Rabindranath Tagore (1861-1941) was the first Asian to win the Nobel Prize in literature (1913). Tagore wrote in Bengali, his mother-tongue. Gitanjali (Song Offerings, 1912), for which he was awarded the Nobel Prize, is a collection of poems Tagore translated into English himself.
The University of Illinois and the town of Urbana have special connections with Rabindranath Tagore. His son Rathindranath earned his Bachelor’s degree in Agriculture here, and returned a few years later to pursue graduate studies. During his stay in Urbana, Rathindranath found Urbana an expanding center for international scholars. Driven by the vision to expand the alliance among peers beyond the classroom, he co-founded an international students’ organization–the Cosmopolitan Club–that still exists.
Rathindranath’s father, the Nobel prize-winning poet, visited Urbana twice, in 1912-13 and in 1916-1917. When Rabindranath Tagore visited Urbana in 1912 he was received with great warmth and enthusiasm by the University and the local community. When the poet returned to Urbana for a second visit in 1916, he was much more of a celebrity – a Nobel Laureate (the first non-European/American to receive the Nobel Prize in Literature) and a powerful voice against the ‘Great War.’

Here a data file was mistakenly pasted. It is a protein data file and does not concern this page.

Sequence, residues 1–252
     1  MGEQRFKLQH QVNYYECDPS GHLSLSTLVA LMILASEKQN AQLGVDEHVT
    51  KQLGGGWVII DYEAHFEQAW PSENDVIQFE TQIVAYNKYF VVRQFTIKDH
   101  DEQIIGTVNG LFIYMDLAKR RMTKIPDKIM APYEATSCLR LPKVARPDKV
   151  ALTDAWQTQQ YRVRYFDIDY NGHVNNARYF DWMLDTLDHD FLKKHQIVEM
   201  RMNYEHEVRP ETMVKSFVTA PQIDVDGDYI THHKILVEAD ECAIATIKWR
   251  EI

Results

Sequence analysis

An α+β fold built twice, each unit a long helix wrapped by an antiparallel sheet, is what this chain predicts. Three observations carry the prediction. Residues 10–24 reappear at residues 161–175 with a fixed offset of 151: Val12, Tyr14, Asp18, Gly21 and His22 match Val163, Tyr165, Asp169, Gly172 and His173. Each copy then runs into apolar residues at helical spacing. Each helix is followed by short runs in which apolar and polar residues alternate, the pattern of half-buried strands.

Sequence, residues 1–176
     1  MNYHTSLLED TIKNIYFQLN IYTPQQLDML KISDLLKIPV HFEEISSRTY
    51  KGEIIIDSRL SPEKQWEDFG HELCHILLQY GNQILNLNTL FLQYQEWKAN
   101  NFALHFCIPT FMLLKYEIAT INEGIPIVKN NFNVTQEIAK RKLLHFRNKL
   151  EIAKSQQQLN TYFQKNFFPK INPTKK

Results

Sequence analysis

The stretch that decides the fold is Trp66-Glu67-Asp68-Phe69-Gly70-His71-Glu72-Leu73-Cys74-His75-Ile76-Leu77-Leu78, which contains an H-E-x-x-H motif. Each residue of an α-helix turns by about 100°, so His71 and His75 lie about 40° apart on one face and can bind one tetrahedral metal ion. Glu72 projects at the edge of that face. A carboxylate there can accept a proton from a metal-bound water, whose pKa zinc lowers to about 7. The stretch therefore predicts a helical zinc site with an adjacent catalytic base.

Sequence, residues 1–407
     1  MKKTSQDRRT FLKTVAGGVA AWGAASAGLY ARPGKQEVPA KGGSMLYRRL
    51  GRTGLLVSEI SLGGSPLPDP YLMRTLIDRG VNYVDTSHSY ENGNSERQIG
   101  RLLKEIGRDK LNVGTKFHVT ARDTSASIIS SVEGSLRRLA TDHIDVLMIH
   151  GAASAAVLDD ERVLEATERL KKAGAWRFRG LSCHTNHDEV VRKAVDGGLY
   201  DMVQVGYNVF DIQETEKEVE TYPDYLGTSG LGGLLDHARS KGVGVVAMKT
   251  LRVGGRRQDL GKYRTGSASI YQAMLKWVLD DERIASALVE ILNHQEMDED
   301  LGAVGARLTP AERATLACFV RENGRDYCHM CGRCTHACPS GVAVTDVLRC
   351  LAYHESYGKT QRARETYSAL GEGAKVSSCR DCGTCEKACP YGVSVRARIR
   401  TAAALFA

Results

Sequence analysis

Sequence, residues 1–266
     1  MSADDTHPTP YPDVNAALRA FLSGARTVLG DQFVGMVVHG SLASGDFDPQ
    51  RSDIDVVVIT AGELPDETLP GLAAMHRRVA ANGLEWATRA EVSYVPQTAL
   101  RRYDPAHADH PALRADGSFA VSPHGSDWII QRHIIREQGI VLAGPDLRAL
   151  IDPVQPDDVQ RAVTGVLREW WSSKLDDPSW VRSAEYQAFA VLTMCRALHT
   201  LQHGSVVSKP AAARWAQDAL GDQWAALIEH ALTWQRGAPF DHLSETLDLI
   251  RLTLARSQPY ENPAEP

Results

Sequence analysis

The chapel that hosted Tagore’s first lectures, the Channing-Murray Foundation (previously the Unitarian Church of Urbana), is now a National Historical Building. The Annual Tagore Festival, commemorating Rabindranath Tagore’s 1912 lecture at the Channing-Murray Foundation, has been celebrated at this historical site annually since 1989.
The translation project was initiated in November 2016 by Rini B. Mehta (email@example.com, Comparative Literature), who is a Member of the Board of Governors at Channing-Murray Foundation. Translations to Spanish, Arabic, German, Russian, Portuguese, Hebrew, and Yiddish were displayed on behalf of the Channing-Murray Foundation at the IPRH work-in on December 6, 2016. Mehta is working with Joyce Tolliver (firstname.lastname@example.org), Director of Center for Translation Studies, and Roman Z. Ivashkiv (email@example.com, Slavic and CTS), to continue and expand the project.
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